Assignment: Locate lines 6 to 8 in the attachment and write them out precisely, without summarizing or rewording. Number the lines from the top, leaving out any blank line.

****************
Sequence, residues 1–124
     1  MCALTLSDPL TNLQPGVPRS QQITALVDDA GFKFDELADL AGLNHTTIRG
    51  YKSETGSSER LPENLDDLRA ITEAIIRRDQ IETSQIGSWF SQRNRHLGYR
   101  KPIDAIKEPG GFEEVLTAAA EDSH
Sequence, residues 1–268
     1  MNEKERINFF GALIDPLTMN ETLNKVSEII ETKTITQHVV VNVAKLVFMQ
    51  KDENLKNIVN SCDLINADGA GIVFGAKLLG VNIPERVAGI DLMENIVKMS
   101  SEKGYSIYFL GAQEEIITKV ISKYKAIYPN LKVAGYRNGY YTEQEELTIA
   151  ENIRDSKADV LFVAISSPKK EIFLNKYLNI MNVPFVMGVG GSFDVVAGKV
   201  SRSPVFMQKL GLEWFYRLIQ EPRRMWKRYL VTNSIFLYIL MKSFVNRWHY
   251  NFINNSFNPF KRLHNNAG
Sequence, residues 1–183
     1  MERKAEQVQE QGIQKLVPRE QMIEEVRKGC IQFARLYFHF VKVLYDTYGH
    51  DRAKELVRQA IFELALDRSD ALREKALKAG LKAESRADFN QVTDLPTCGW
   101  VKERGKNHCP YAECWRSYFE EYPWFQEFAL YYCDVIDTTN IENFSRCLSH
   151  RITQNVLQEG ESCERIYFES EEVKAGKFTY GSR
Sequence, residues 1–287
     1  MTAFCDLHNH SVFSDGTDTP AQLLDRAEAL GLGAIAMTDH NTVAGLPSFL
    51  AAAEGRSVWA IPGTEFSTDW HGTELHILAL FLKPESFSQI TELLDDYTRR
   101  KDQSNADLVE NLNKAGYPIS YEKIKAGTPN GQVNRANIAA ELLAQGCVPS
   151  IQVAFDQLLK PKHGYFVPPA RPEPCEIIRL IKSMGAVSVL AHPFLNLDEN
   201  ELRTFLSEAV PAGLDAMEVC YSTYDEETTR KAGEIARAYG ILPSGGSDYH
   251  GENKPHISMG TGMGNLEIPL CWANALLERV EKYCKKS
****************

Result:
     1  MNEKERINFF GALIDPLTMN ETLNKVSEII ETKTITQHVV VNVAKLVFMQ
    51  KDENLKNIVN SCDLINADGA GIVFGAKLLG VNIPERVAGI DLMENIVKMS
   101  SEKGYSIYFL GAQEEIITKV ISKYKAIYPN LKVAGYRNGY YTEQEELTIA